Thursday, April 15, 2010

What if...?

Our Life Groups are discussing selected Gospel stories of Jesus and his disciples. The discussions are uniquely designed so that together the group draws out what the selected story teaches about Jesus, and what it teaches us about ourselves as we identify with the various characters or elements in the story. It always amazes me how I learn more from these studies then I have from reading numerous commentaries, studying the Greek, and examining the passages in minute detail. Not to deny the importance of scholarly study, but I am constantly amazed at the deep and varied insights each group collectively draws out from the passages by simply asking a few questions and letting people share their insights. I’d like to begin sharing some of those insights with you each week. Our goal in our Life Groups is to come to know Jesus more, then share that adventure with others. So let me begin to share it with you.

We are about eight weeks into our Life Groups, and this week our passage was Mark 5.21-43, the story of Jesus raising Jairus’ daughter from the dead and healing the woman who had a hemorrhage for twelve years. While the groups drew out many cool things the passage teach about Jesus in these healings, let me simply share two. First, there’s the desperate desire of each of these two people to get to Jesus. As a Jewish synagogue official, Jairus had much to lose by going to Jesus, yet he did not let that stop him. Similarly, the woman with the hemorrhage, who would have been ceremonially unclean according to the Law of Moses, risked embarrassment, humiliation, and condemnation from the Jewish religious leaders because she risked making others unclean should they accidentally touch her. None of this would keep her from Jesus. They both were keenly aware of their urgent need, and the power of Jesus’ touch to fulfill that need. Jairus asked Jesus to lay his hands on his daughter. The sick woman wanted only to touch Jesus’ garment. Do we have that same desire, that unstoppable compulsion to be touched by Jesus? To be in his presence? To experience his power? Are we desperate enough to seek it out no matter the cost?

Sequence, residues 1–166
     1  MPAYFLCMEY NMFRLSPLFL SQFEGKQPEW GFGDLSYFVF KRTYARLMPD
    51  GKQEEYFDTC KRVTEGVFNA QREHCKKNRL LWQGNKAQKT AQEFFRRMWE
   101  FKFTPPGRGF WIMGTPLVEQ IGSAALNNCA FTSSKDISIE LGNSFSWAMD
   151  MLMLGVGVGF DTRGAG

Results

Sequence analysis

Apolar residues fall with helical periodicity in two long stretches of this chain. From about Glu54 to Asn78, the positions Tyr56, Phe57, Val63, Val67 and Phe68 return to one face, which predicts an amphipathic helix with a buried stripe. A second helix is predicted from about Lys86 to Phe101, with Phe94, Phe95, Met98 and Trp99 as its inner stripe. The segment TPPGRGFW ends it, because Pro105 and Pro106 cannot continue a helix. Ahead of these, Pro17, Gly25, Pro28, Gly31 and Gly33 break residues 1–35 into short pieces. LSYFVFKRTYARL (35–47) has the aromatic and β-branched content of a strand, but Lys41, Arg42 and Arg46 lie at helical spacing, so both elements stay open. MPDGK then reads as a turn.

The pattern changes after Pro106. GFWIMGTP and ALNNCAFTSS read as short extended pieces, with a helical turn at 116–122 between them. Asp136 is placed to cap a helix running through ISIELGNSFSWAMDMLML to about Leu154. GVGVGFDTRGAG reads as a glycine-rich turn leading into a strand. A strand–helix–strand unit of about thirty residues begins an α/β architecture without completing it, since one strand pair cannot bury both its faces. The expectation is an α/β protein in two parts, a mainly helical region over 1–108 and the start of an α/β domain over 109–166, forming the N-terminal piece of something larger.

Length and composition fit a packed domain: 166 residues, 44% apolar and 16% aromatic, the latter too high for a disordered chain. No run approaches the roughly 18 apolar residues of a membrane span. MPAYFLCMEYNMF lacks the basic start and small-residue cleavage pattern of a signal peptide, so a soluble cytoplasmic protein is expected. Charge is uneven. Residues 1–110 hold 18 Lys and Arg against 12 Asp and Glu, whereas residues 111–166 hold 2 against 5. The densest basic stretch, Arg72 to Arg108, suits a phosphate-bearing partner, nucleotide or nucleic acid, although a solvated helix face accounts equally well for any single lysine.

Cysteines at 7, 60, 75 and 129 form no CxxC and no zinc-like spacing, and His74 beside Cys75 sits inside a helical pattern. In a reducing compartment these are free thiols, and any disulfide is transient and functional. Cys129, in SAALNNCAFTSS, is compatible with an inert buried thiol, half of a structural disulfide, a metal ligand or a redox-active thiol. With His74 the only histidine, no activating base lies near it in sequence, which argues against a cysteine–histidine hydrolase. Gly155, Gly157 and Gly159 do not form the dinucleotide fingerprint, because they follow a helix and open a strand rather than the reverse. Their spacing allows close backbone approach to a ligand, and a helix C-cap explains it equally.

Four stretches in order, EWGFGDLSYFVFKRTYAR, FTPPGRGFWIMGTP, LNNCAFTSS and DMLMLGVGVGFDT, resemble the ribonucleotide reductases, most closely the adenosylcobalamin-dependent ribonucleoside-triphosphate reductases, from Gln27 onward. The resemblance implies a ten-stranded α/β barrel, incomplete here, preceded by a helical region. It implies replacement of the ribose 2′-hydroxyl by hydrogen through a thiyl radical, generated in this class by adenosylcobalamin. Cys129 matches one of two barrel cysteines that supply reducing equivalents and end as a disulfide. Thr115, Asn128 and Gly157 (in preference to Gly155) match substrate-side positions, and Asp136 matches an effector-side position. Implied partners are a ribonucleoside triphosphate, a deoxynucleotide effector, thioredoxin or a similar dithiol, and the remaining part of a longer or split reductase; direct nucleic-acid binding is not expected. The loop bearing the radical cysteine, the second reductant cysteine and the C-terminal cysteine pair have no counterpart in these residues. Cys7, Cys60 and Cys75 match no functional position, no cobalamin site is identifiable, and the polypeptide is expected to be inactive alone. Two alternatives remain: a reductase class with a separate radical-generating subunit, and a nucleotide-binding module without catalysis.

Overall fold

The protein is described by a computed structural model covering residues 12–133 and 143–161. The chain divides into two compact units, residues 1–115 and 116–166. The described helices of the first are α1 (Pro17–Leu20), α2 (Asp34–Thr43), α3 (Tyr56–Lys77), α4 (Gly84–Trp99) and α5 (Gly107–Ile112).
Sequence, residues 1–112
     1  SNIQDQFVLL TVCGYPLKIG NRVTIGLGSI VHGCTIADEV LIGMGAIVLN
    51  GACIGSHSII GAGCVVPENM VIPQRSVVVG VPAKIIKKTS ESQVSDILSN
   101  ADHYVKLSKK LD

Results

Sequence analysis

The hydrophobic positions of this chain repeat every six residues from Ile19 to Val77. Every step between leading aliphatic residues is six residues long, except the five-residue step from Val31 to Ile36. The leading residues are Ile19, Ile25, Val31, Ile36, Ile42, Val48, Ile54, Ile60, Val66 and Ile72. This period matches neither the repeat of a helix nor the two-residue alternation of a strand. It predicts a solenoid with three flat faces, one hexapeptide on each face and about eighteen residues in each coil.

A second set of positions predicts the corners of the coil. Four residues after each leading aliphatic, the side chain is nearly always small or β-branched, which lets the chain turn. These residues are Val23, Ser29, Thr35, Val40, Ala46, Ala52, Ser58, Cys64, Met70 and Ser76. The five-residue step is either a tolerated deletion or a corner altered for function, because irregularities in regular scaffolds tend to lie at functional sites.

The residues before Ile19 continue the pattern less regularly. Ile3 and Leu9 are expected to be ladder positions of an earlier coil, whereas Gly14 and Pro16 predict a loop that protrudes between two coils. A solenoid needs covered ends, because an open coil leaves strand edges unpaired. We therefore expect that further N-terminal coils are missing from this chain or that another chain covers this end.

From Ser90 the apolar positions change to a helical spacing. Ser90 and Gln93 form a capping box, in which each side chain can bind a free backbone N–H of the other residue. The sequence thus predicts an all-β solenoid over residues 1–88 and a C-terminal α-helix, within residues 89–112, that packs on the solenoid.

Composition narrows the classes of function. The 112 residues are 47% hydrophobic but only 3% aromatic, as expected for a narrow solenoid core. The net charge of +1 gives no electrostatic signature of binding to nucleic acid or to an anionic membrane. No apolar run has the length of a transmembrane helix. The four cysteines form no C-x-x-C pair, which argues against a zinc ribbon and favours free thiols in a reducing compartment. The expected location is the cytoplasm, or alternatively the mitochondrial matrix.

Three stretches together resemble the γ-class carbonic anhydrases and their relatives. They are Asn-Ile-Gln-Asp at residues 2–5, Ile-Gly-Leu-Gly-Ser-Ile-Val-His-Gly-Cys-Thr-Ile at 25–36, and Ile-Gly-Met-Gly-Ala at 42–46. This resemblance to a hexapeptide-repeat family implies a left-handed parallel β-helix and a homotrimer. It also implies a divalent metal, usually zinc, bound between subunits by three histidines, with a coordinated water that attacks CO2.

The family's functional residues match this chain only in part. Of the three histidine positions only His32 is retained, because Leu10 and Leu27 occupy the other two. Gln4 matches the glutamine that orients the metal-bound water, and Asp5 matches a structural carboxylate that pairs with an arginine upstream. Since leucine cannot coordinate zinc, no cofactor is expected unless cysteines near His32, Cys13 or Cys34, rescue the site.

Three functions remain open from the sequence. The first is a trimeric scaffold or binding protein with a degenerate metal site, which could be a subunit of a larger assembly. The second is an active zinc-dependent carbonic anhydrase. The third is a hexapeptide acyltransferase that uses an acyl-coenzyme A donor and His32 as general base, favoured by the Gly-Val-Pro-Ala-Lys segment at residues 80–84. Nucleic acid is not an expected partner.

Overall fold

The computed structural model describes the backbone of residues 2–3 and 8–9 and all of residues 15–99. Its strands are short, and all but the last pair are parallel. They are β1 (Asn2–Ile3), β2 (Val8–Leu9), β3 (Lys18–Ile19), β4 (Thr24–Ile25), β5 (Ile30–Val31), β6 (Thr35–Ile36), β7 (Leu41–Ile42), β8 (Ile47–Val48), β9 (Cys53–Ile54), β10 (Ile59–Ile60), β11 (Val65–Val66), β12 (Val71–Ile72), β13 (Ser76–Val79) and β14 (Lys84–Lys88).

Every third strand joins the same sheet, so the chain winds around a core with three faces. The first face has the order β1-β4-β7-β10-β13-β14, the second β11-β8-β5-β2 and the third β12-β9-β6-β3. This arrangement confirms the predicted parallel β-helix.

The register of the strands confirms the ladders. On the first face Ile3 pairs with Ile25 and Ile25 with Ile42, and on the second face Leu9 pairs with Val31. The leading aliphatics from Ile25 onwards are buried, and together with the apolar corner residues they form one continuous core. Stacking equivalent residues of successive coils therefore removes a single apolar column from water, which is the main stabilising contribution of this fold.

Second, what about the strange statement of Jesus at the end of the story, where he gave strict orders to Jairus and his wife to tell no one about how he raised their daughter (Mk 5.43)? Each of our groups talked at length about this. We noted that the Gospels, especially Mark’s, actually record Jesus giving such orders on many occasions of his healings, and it seems that people seldom complied with Jesus’ orders (cf. Mt 9.26). As we discussed several possible explanations for Jesus commanding them to be silent and the people’s refusal to do so, a troubling question arose: While people who were healed or delivered by Jesus during his earthly ministry refused to keep quiet about it even when Jesus ordered them to tell no one, why do we remain strangely quiet about Jesus when we’ve been ordered by him to “shout it from the rooftops”? They were healed and not even Jesus could stop them from telling everyone. We are saved and commanded to tell everyone (Mt 28.18-20), yet most of us tell almost no one. Why is that? Why don’t we have that same unstoppable compulsion to tell the world what Jesus has done for us?

Maybe it goes back to the first thing we noticed about their keen awareness of need and unstoppable compulsion to touch Jesus and be healed. What if we lived with as keen an awareness about our need as Jairus and the poor bleeding woman did in regard to theirs? And what if we were equally as aware of the power of Jesus to fulfill our every need? Would anything stop us from accessing Jesus? And once experiencing his power, would anything stop us from telling the whole world about him? What if…?

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